Dharam Raaj In vedic lore, the judge who sits at the gate of the next world. He looks at the account of good or bad deeds of a soul and sentences the soul accordingly, to heaven or hell or some next life form. His bidding is done by the horrible spirit creatures called yams (see below).

Diwaan Sikh religious function in the presence of Sri Guru Granth Sahib Ji at which there is kirtan (Gurbani singing), and perhaps, katha (preaching of Gurbani), Naam simran and Gurmatt lectures. Diwaan is concluded with recitation of Anand Sahib (first five and the final stanzas), Ardaas, Hukamnama and distribution of holy Krah Prasaad. See also Bhog.

Duapar The third division of time in the Vedic tradition. (See also yug below.) Five Banis The Five Banis in the morning are: Japji Sahib; Jaap Sahib; Ten Swayyas; Chaupai; and Ananad Sahib (full). (Rehras or Rahiras and Kirtan Sohila are recited in the evening).


Granth Sahib (Sri Guru Granth Sahib Ji) Sikh holy scriptures which have the status of Jagat Jot Guru: the living Guru, the Enlightener.

Granthi One who reads and does sewa of Sri Guru Granth Sahib Ji. Equivalent to a priest in other religions, although, there are no formally ordained priests in Sikhism.

Gurbani (Bani) The Guru's word. Gur-Shabad means the same. The hymns in Sri Guru Granth Sahib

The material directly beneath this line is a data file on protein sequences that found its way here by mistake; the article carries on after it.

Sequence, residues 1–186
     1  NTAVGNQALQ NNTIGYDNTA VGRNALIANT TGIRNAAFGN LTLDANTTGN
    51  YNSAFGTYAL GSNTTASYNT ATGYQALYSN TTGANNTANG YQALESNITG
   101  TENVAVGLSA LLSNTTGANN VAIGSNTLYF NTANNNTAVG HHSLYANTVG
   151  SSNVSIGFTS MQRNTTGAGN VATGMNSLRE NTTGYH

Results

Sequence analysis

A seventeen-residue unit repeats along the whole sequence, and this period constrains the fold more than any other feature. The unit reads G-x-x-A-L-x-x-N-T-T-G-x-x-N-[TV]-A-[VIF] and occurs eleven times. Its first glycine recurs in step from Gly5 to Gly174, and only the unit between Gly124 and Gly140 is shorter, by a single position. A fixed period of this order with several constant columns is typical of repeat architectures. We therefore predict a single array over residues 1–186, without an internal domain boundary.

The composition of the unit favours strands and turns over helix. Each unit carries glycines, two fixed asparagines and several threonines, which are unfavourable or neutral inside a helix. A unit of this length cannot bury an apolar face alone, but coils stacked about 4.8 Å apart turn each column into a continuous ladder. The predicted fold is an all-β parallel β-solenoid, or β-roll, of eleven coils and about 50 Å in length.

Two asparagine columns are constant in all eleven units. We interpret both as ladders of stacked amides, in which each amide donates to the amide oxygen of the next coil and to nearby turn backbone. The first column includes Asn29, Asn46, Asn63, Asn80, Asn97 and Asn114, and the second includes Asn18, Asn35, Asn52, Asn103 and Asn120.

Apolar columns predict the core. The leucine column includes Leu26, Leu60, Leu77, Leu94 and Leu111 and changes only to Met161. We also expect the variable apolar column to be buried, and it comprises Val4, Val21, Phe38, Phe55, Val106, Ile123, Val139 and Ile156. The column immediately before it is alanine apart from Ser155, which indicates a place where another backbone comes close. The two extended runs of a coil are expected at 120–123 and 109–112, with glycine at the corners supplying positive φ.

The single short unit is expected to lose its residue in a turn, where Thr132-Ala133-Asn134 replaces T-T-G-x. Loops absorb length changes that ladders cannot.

Gurbani Kirtan (see Kirtan)

Gur Mantar Literally it means the mystical formula of the Guru. In Sikhi, the Gur-mantar is "Waheguru" and none other. Recitation of "Waheguru" Naam with total belief in Waheguru's Being (Holy Presence everywhere) and that everything seen and unseen is within His Will(Hukam), is more powerful than all other mystical, magical mantars, cult powers and superstitions, in which Sikhs do not believe. Shabads like Tati waao na lagaee Parbrahm sarnaaee....if read with full understanding, dispel all fears and superstitions. Waheguru Gur Mantar hai japp haomai kho-ee (Bhai Gurdas Vaar 13.2): Waheguru is the Gur Mantar (the Mystical Formula of the Guru) the recitation of which removes ego-centric thoughts and behaviour.

Gurmatt Literally the word means "Guru's teaching". Therefore, Gurmatt is the Guru's way; it is the Guru's teaching regarding all aspects of the life of a Gursikh. If an action, behaviour, custom or procedure is in accordance with the teachings of Gurbani, then that is Gurmatt. If not then it is manmatt i.e. in accordance with own, self-centred and conceited approach to life. Sikh rehat is the hub of Gurmatt around which a Gursikh's life should revolve in harmony and self discipline. Humility and sewa are the essential components of Gurmatt.

Gurmukh Literally, "One who faces the Guru". That is, one who follows the Guru's Word (Gurbani) in thought and action without reservation. Opposite of manmukh (see below).

Gurmukhi Script in which Sri Guru Granth Sahib Ji is written. Also, the script in which the Panjabi language is most commonly written. Therefore, Panjabi is the language of Panjab, while Gurmukhi is a script. It had thirty-five letters to start with and the Gurmukhi alphabet is called Painty for that reason. However, five more modified letters have been added for the spelling of other (mostly non-Panjabi words).

Gur Shabad (also see Shabad) Guru's Word. A hymn in Sri Guru Granth Sahib Ji.